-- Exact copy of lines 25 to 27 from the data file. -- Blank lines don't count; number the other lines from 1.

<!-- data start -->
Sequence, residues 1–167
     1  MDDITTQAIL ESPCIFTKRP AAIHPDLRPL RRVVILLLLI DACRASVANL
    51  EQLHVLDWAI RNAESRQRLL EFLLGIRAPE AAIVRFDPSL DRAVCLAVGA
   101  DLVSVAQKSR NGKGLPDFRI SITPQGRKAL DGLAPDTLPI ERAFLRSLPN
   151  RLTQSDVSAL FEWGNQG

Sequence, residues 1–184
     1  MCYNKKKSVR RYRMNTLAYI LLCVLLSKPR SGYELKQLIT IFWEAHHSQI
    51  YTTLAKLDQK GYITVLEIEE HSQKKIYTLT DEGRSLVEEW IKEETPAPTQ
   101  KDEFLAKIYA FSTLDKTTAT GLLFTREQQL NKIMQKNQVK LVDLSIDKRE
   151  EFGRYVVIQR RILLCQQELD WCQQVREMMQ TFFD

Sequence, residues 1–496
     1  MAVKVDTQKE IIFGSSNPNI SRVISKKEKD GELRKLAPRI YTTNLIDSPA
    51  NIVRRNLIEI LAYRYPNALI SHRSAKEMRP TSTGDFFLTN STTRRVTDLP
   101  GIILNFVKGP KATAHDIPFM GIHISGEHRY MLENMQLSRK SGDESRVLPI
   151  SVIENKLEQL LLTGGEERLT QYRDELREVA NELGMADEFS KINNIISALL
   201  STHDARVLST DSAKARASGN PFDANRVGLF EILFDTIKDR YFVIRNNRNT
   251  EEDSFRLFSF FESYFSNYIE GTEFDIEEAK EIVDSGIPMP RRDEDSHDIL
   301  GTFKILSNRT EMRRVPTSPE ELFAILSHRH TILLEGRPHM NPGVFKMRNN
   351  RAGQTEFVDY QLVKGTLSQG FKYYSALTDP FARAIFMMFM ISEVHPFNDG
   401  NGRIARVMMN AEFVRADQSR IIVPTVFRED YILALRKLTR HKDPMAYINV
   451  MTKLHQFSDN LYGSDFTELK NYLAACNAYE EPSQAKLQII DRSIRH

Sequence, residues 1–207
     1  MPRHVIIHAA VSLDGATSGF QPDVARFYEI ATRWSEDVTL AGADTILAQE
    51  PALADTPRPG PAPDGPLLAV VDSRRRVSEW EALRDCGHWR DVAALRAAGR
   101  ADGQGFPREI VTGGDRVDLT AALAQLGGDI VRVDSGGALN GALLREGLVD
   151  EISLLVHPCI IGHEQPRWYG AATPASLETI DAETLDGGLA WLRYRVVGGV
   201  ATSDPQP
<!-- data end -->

   101  ADGQGFPREI VTGGDRVDLT AALAQLGGDI VRVDSGGALN GALLREGLVD
   151  EISLLVHPCI IGHEQPRWYG AATPASLETI DAETLDGGLA WLRYRVVGGV
   201  ATSDPQP